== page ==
of Offenses in the
It is difficult but necessary to
question of "letting go" in terms of forgiving or releasing the sins,
offenses and abuses in an unhealthy church environment. This article
will explore Scriptural
texts and practical ideas on how to put an unhealthy and
hurtful church experience in the past.
Interestingly, the words most
frequently translated "forgive" in the New Testament are the Greek noun
"aphesis" and verb "apheimi"
for this concept. These words have the connotation of separating,
putting off, removing when
used in this context. They are derived from apo, from, and hiemi, to put in motion, send.
Colin Brown, New International Dictionary of New Testament Theology,
1-697) . So the idea of "letting go" is closely related
to the idea of forgiveness.
The Pauline epistles tend to use the
Greek verb "charidzomai" as in 2
12:13, Colossians 3:13. It is a cognate of the word for "grace"
and thus has to do with the giving of a "gift" in light of an offense
Brown, op. cit, 2-122).
Yet the idea of forgiveness is
frequently defined incorrectly in an
church. In that environment, forgiveness often means a denial that any
damage or hurt took place, and a denial that wrong was done. As might
definitions of forgiveness don't
validate the offenses done to members of the body of Christ but rather
serve to perpetuate the unhealthy environment. Thankfully, such
definitions of forgiveness are not consistent with the Scriptures.
from the Scriptures
From the ministry and example of
Jesus as well as the history of the early church, there are several
lessons we can learn concerning forgiveness.
1. Jesus was not consumed or
overwhelmed by the sins and gross failures
of others. Not only was Jesus fully aware of the sinfulness of mankind,
he was particularly aware of the sins of the religious leaders and the
system that gave them power and oppressed the people. While there are
instances where Jesus addressed these things passionately (e.g. Matthew
23), in general the picture of Jesus in the gospels is not one of a man
preoccupied, consumed or persistently indignant due
to these things.
2. It might be easy to dismiss
observation #1 on the grounds that these
sins were not directed toward Jesus personally. But even as the sins
of the religious leaders came to be directed more and more toward him
personally, culminating with the crucifixion, Jesus still
does not give the appearance of a man consumed by these sins. In fact,
upon the cross he utters, "Father, forgive them, for they do
not know what they are doing" (Luke 23:34), showing that Jesus did not
focus upon wrong done to him. He saw a bigger picture.
3. While Jesus is able
to avoid being focused on these
sins of others directed toward him, it does not prevent him from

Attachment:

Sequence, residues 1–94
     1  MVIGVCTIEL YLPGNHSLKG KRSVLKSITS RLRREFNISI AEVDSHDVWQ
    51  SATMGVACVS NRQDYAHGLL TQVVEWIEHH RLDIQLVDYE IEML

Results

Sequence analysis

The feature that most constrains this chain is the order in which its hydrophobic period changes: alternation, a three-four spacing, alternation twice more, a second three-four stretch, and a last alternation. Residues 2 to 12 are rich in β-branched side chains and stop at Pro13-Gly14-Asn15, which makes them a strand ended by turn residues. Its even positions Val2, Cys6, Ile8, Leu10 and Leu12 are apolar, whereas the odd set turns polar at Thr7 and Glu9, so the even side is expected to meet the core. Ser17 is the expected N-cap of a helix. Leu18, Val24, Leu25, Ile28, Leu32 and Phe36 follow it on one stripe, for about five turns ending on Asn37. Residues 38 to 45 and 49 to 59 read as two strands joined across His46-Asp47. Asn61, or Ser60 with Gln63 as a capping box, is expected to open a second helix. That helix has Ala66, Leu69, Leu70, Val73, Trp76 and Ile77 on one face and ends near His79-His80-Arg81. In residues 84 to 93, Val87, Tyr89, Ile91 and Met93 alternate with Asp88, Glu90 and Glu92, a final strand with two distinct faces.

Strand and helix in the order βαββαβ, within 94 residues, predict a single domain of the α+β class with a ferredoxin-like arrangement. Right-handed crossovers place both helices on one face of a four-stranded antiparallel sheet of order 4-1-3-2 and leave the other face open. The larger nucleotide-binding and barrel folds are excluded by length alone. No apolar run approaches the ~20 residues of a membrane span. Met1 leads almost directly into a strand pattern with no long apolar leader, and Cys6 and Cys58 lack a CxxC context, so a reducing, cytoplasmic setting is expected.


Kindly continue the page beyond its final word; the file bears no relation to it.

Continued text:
speaking directly, frankly and passionately about these sins both to
the offenders and
toward others in general (e.g. Matthew 15:14; "blind guides").
4. Jesus did not require his followers to confront
corruptions in the system individually (as in the spirit of Matthew
18:15-17) or to "try to make it better." Instead, he told his followers, "Leave them; they
are blind guides. If a blind man leads a blind man, both will fall into
a pit" (Matthew 15:14). In passages where Jesus
instructs some form of obedience to these leaders (e.g. Mt 8:4, 23:3),
he shows respect for the Law and the priests' role in the system even
though it had become corrupted. Such obedience was mandated by the law
and hardly an endorsement of the corrupt leadership and system.
5. In Luke
23:34, Jesus does not condone or ignore the sin of those crucifying
he calls it "sin" and then forgives it. This pattern of recognition of
sin and subsequent forgiveness is key to understanding a Scriptural
perspective of forgiveness.
6. In Luke
23:34, Jesus appears to be able to
separate the evil sin from the person who was created for a greater
purpose than to perpetrate such sins. This is part of the "bigger
picture" Jesus was able to see concerning sins. Of course, Jesus'
crucifixion had massive implications concerning the redemption of
mankind, and this was another part of the "bigger picture" that he was
able to recognize.
7. Another part of this "bigger
picture" was that Jesus knew how
sophisticated social and religious systems work, and that some people
were more culpable for the sins of an abusive system than others. He
knew Pilate was guilty of condemning an innnocent man, but he also said
that those who handed him over to Pilate were guilty of a "greater sin"
(John 19:11). Pilate was doing the dirty work of the Sanhedrin, and
Jesus knew it. Something to keep in mind about an abusive system--
mete out abuse and harshness are often "middle men" in the system and
recipients of similar treatment from
their higher-ups as well. This doesn't completely excuse individuals
their responsibility for their actions, but it does help us understand
8. From the cross, Jesus' utterance
of forgiveness seems to suggest
forgive sin did not depend upon the sorrow of the offender. There are
other questions raised here beyond the scope of this article--e.g. here
he asks the Father to forgive these sins, in other places he simply
pronounces sins forgiven, and in still other places penitence seems to